Suppliers launch group for strong fuel efficiency rules

Source: Camille von Kaenel, E&E News reporter • Posted: Friday, March 2, 2018

Auto parts suppliers have banded together in a new coalition to urge the Trump administration to maintain and extend fuel efficiency standards.

The administration, California and carmakers are currently negotiating the stringency of the rules. The new group announced today is seeking to inject another element into the debate: the jobs and investment generated by strong standards.

The Advanced Engine Systems Institute, the Aluminum Association, the Emission Control Technology Association, the Manufacturers of Emission Controls Association and the Motor & Equipment Manufacturers Association, under the umbrella name Automotive Technology Leadership Group, argue that the rules have created “hundreds of thousands” of jobs and “significant market opportunities” for the United States.

It is significant that the groups are speaking out because it marks a split from their clients — carmakers — some of which have lobbied for lower targets.

U.S. EPA and the National Highway Traffic Safety Administration, which determine the rules in tandem, must decide by April whether they will lower the Obama-era guidelines for model years 2021 to 2025 that could bring real-world average fuel efficiency to 36 mpg.

California air regulators could set higher standards, under a special Clean Air Act waiver, if the federal rules are weakened. Negotiators have held several meetings, which EPA officials have called “productive.”

The suppliers want negotiations to address new flexibilities to the rules to account for low gas prices, which have changed sales projections.

That is in line with the wishes of automakers, which have complained that Americans’ preference for gas-guzzling trucks makes it difficult to meet the standards, but it marks a difference from environmentalists, who fear that any changes could erode emissions and mileage benefits.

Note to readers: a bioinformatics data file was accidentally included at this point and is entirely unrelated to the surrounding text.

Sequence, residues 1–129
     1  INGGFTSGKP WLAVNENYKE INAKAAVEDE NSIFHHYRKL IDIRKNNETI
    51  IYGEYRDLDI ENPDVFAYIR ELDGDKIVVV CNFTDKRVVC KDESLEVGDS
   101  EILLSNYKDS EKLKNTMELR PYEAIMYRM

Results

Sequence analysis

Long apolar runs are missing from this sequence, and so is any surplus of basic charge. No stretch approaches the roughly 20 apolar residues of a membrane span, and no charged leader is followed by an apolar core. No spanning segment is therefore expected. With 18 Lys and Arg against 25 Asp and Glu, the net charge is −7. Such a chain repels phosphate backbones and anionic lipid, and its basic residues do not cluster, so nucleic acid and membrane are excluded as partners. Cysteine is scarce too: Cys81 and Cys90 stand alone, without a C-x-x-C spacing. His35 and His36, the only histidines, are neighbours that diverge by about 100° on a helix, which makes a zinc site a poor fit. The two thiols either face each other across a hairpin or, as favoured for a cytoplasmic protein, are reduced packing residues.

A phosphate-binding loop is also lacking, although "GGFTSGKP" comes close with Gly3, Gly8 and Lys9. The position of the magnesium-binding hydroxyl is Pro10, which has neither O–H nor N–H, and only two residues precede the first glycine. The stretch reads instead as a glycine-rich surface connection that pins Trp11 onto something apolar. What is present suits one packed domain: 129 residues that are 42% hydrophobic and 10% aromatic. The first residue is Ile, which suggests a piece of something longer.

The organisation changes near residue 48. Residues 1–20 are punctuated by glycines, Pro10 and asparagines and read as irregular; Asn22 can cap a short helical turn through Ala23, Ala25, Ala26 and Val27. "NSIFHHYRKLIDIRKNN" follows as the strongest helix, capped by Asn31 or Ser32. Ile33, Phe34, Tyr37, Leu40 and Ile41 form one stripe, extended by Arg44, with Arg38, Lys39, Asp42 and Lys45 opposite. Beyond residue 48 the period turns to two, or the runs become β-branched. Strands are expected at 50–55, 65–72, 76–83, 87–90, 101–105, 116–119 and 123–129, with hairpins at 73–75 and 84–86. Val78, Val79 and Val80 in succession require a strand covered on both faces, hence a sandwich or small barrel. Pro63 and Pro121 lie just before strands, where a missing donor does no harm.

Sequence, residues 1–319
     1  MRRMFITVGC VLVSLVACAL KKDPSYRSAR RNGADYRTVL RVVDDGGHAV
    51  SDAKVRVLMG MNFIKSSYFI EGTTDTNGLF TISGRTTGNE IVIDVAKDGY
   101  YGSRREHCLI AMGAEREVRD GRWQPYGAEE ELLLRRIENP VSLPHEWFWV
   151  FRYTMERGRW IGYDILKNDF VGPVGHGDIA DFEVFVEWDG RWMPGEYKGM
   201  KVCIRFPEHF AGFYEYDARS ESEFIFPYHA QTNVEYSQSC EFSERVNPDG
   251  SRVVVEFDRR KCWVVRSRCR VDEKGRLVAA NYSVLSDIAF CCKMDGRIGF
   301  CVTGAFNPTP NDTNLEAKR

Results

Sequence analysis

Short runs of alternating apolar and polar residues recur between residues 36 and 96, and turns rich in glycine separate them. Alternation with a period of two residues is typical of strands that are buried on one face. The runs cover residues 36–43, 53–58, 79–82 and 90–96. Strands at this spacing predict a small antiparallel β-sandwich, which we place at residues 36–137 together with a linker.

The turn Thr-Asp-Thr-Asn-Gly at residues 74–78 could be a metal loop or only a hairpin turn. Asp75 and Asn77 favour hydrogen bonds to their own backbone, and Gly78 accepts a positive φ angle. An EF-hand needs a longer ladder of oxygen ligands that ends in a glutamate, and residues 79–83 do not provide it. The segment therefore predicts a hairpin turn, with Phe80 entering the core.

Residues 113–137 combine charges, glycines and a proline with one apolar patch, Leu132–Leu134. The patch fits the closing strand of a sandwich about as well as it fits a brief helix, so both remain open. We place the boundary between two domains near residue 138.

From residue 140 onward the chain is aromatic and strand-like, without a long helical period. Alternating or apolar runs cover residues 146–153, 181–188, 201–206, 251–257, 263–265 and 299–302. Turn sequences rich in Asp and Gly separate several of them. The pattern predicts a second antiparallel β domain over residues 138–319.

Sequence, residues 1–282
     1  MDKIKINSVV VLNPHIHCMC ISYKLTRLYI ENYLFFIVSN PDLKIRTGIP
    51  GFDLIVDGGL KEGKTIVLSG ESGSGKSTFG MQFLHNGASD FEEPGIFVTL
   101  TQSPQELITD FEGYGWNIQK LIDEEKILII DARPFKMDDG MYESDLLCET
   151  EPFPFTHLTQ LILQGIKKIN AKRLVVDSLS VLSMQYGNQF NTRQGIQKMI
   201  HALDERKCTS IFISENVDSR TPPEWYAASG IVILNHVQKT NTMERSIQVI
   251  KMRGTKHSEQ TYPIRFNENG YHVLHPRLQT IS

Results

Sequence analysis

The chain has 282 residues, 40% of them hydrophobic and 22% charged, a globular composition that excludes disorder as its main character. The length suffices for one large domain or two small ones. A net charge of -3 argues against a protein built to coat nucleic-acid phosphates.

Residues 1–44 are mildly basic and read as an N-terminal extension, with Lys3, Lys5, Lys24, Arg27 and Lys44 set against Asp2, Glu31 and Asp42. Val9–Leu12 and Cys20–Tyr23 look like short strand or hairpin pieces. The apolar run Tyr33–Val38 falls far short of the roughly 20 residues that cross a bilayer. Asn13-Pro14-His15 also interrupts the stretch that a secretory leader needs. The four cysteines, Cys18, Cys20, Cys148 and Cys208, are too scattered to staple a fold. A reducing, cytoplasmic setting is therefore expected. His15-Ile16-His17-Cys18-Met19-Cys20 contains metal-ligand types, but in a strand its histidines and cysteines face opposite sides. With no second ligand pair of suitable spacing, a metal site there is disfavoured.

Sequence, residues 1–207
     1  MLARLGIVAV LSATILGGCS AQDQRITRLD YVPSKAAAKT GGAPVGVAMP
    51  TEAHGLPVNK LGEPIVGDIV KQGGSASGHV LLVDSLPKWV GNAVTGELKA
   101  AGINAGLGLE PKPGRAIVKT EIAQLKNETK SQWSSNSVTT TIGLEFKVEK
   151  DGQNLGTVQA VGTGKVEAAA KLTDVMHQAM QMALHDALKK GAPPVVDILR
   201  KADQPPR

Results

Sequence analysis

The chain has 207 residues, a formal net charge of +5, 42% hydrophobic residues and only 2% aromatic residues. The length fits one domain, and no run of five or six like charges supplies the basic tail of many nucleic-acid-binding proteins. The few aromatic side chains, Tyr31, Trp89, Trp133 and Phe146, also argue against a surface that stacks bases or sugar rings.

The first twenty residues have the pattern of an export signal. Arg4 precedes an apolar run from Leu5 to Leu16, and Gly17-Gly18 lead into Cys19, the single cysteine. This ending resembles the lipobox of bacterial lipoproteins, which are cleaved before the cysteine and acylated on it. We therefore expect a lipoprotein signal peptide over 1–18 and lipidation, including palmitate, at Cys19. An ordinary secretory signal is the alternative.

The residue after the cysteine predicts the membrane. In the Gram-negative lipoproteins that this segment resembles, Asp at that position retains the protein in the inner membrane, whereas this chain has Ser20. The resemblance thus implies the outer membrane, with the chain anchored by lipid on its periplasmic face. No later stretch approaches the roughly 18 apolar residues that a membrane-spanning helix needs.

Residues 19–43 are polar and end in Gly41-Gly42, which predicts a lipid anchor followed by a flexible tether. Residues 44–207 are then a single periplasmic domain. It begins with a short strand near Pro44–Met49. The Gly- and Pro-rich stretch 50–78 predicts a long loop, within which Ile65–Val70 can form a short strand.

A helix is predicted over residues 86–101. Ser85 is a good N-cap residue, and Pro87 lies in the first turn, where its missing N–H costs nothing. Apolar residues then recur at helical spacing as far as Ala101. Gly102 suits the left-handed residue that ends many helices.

The suppliers also want negotiators to sketch out rules through 2030 and to ensure national uniformity and stability.

Many have benefited directly from the standards, which are meant to push automakers to adopt fuel-efficient technology like the use of aluminum, a lighter material, or improved gasoline engines.

The BlueGreen Alliance and Natural Resources Defense Council found that there are more than 1,200 factories and 288,000 workers making the components that go into improving fuel efficiency.

The new effort is being led by Pat Quinn, a veteran lobbyist who has also put together a group of heavy-duty manufacturers to support strong clean truck rules.

“Long-term emissions and fuel economy standards will help suppliers sustain the strong manufacturing growth we have seen in the industry and will support innovation of new technologies,” said Ann Wilson, senior vice president of government affairs for the Motor & Equipment Manufacturers Association, in a statement.

“This stability allows suppliers to remain competitive in a global marketplace,” Wilson said. “If the U.S. leads the way on the standards, then companies manufacturing here will also lead the way on development and innovation.”